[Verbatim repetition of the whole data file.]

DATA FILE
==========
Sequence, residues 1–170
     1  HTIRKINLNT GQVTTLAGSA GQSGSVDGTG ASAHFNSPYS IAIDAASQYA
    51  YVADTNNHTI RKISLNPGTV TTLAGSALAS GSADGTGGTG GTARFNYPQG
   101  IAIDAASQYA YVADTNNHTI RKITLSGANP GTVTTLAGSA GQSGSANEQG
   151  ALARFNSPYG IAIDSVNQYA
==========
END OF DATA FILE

Sequence, residues 1–170
     1  HTIRKINLNT GQVTTLAGSA GQSGSVDGTG ASAHFNSPYS IAIDAASQYA
    51  YVADTNNHTI RKISLNPGTV TTLAGSALAS GSADGTGGTG GTARFNYPQG
   101  IAIDAASQYA YVADTNNHTI RKITLSGANP GTVTTLAGSA GQSGSANEQG
   151  ALARFNSPYG IAIDSVNQYA